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In most places the excavations are generally located along the edges of the hills as, apparently, only there was the stone so broken up by the processes of weathering that they could be worked by the crude methods known to the primitive quarrymen. Choctaw Did not operate from 31 January 1921 to 17 Jime 1921. These pits were seldom if ever over four feet deep, the depth of the workings being limited by the depth to which the stone is loosened by weathering. Discontinued 10 April 1941, effective 30 April 1941, mail to Stone- wall. Discon- tinued 20 July 1933, effective 15 August 1933, mail to Hugo. Tulsa Discontinued effective 30 June 1909, mail to Broken Arrow. These nodules, seem for the most part, to have been formed arovmd fossils as nuclei and in many are to be seen very perfect fossils. These are usually species of fusilina and num- mulites. Membership applications and dues should be sent to the Administrative Secretary. Historians commonly fix the date of his birth as 1754. He was noted for his skill in trapping and hunting, and for his success in the athletic sports of his people, ball playing in particular.' He commonly advocated peace and kept his people out of many wars. Ballenger of Tahlequah is the well known genealogist and historian of the Cherokees. Glenoak Nowata Discontinued 29 November 1932, effective 15 December 1932, mail to Bartlesville. Annual membership dues are five dollars; Life membership, one hundred dollars. According to the Bureau of American Ethnology, Spring Frog's Indian name is Too-an-tuh, more properly Diistii, and means a "species of frog." He was bom on the north side of Chickamauga Creek, at the edge of Lookout Mountain, near Chattanooga, Tennessee. The log cabin in which Spring Frog was born stands today in the wildlife sanctuary of the Chattanooga Audubon Society, though it has been repaired and improved somewhat. The logs are hewn flat at the ends instead of being notched as white pioneers usually made them.^ Spring Frog was a prominent sportsman and naturalist among the Cherokees and was a man of great influence. Gilsonite Murray Discontinued effective 27 February 1909, mail to Buckhorn. Glenn Carter Discontinued effective 15 July 1922, mail to Springer. Here he spent his declining years in agricultural pursuits. They agree that the name is not written in correct Cherokee characters, hence is difficult to translate with certainty. Gee Discontinued effective 30 November 1911, mail to Nashoba.
Bo YDSTUN, Fort Gibson TERM EXPIRING IN JANUARY, 1969 Joe W. Tennesseans as mem- bers of the Chattanooga Audubon Society, a nvunber of years ago, sought to remove this gravestone from Oklahoma to be a part of the memorial to Spring Frog in the Elise Chapin Wild Life Sanctuary near the City of Chattanooga. 2 Flower and Feather (Chattanooga, Tenn.) , IV, No. He was with the Cherokees that came to western Arkansas in 18, and later lived with the group in the Indian Territory commonly known as the Old Set- tlers. They are generally not over twenty feet wide and extend usually some sixty feet back from the edge of the hill. Discontinued 15 July 1932, effective 15 August 1932, mail to Stonewall. Rarely a pit has been worked much farther, extending a himdred feet or more. Syfert Discontinued effective 15 August 1912, mail to Grainola. I Pit**'' ' ' 1 |: UNIVERSITY OF FLORIDA LIBRARIES Digitized by tine Internet Arcliive in 2015 littps://arcliive.org/details/clironiclesofokla4419okla SPRING FROG, Cherokee Volume XLIV Number 1 Published Quarterly by the OKLAHOMA HISTORICAL SOCIETY (Organized by Oklahoma Press Association, May 27, 1893) OKLAHOMA HISTORICAL SOCIETY Officers GEORGE H. This report was brought to light in the preliminary filing of manuscripts in the Collection made by Mrs. The village site at the mouth of Deer Creek had special interest in the historical field, with its evidences of the site of a French trading post in the objects brought to light including articles of copper and brass, iron implements and parts of guns besides gun plates with designs known in the French trade of the early 18th Century also gim "flints"— small squares of chert or flint of local origin.^ Dr. 2 "Exhibit of Objects Discovered by the Marland Archeological Expedition in 1926." The Chronicles of Oklahoma, Notes and Documents, Vol. Other quarries of chert, or flint, are to be found elsewhere in the state.'* Such quarries are not always readily recognized and understood by everyone who sees them even t hough it may be evident that they are the result of artificial excavation.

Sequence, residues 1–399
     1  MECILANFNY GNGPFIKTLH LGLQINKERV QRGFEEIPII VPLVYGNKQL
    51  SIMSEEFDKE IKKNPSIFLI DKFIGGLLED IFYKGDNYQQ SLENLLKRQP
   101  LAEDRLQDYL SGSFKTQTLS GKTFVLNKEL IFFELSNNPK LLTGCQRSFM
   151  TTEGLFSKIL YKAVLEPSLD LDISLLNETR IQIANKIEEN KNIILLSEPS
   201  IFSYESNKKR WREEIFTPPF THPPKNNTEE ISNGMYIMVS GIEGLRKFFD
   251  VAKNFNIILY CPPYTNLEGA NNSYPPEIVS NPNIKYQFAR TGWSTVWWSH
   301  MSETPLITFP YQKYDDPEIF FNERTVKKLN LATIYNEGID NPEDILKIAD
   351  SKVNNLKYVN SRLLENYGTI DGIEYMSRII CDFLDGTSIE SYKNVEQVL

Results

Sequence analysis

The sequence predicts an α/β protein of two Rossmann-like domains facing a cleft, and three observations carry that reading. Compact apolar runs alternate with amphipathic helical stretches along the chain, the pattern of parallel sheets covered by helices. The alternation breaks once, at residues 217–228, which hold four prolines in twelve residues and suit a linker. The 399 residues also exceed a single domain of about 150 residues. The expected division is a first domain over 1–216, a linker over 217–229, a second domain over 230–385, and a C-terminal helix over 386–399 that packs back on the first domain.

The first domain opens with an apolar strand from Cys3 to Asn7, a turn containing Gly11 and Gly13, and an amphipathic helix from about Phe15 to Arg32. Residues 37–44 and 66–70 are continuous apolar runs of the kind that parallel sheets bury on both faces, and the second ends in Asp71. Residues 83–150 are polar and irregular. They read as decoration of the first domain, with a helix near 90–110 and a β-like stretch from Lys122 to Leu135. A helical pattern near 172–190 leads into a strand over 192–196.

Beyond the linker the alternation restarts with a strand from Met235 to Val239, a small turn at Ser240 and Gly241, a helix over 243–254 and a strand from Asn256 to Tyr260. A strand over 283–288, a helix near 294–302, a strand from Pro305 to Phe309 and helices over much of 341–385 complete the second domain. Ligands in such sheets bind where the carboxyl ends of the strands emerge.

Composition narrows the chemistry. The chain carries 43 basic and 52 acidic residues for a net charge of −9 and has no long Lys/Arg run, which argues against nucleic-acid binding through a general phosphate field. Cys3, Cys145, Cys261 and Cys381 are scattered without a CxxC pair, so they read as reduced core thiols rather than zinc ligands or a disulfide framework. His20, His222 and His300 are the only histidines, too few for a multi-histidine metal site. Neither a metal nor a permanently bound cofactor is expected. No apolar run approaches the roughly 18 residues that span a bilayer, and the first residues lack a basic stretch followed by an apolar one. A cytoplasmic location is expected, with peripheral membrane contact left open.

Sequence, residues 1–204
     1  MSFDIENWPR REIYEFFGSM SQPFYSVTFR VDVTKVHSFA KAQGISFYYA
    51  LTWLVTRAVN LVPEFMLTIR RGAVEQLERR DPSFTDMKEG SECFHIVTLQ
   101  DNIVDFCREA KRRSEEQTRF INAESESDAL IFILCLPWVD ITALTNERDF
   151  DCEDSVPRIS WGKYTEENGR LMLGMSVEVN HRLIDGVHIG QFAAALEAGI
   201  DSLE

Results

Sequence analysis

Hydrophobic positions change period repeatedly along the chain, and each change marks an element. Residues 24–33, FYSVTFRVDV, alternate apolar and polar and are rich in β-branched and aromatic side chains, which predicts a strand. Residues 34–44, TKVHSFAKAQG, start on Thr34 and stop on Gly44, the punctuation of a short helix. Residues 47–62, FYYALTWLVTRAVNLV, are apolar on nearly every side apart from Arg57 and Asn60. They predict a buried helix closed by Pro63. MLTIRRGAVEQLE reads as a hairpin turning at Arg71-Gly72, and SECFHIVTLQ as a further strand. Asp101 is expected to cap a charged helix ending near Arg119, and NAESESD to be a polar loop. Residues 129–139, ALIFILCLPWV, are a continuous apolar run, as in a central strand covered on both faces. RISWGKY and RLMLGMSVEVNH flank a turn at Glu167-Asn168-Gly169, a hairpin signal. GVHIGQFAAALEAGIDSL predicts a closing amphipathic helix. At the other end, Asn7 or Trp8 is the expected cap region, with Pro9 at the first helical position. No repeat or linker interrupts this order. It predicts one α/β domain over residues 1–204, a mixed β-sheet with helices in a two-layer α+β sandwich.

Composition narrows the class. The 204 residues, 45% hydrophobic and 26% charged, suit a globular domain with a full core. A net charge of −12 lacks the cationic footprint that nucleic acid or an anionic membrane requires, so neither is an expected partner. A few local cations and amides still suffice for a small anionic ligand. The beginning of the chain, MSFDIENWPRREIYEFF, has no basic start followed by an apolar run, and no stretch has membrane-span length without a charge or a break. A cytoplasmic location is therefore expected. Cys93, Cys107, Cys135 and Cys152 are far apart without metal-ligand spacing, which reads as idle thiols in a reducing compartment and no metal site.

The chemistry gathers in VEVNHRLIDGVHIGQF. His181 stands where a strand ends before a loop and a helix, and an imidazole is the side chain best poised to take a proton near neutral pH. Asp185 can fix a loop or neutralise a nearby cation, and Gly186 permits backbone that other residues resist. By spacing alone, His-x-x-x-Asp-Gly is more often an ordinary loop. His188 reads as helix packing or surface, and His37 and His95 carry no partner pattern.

MILT PHILLIPS, 1st Vice President FISHER MULDROW, 2nd Vice President MRS. Thobum, "Oklahoma Archaeological Explorations in 1925-26, "Chronicles of Oklahoma, Vol. As the work in Kay County is being done co-operatively the specimens secured by the Marland Achologi- cal expedition are to be divided, part of them placed in the museum of the Oklahoma Historical Society and part of them in the newly projected historical museum which Mr. Otto Spring's Report on the summer's archaeological work on the chert quarries in Kay County, prepared for publication in The Chronicles was not published because stress was laid on the use of articles and notes relating to history with the recent change in the position of secretary and editor. Prehistoric Chert Quarries in Kay County: A Report 1 8 The Chronicles of Oklahoma has been done elsewhere in Kay County will be described in subsequent issues of this publication [The Chronicles of Okla- homa].— 3 B. Chert Quarries in Kay County, Oklahoma In the vicinity of Hardy a formation of resistant light col- ored limestone caps the higher hills, and its hardness causes it to stand out, the hill sloping steeply away from it below and the hilltop being nearly level and smooth. His monument is a huge coffin-shaped stone lying flat on the grave, with the inscription in Cherokee. Old-timers in that vicinity, like the late Bill Starr say that they have been told from childhood that this is the grave of Spring Frog. Marland of Ponca City, under the auspices of the Oklahoma Historical Society. Shirk, 'Okla- homa Reclaims Its Past," The Daily Okiahoman, Magazine Section, September 30, 1956 Leslie A. This impublished Report along with his introduction and the map printed for the first time follows: — (M. W., Ed.) Editorial Introduction During the months of May, June and July of the current year, a small archaeological field party has been operating in Kay County, under the patronage of Mr. The first two weeks were spent in exploring and investi gating the quarries of chert, or flint, which were worked by the primitive inhabitants in prehistoric times.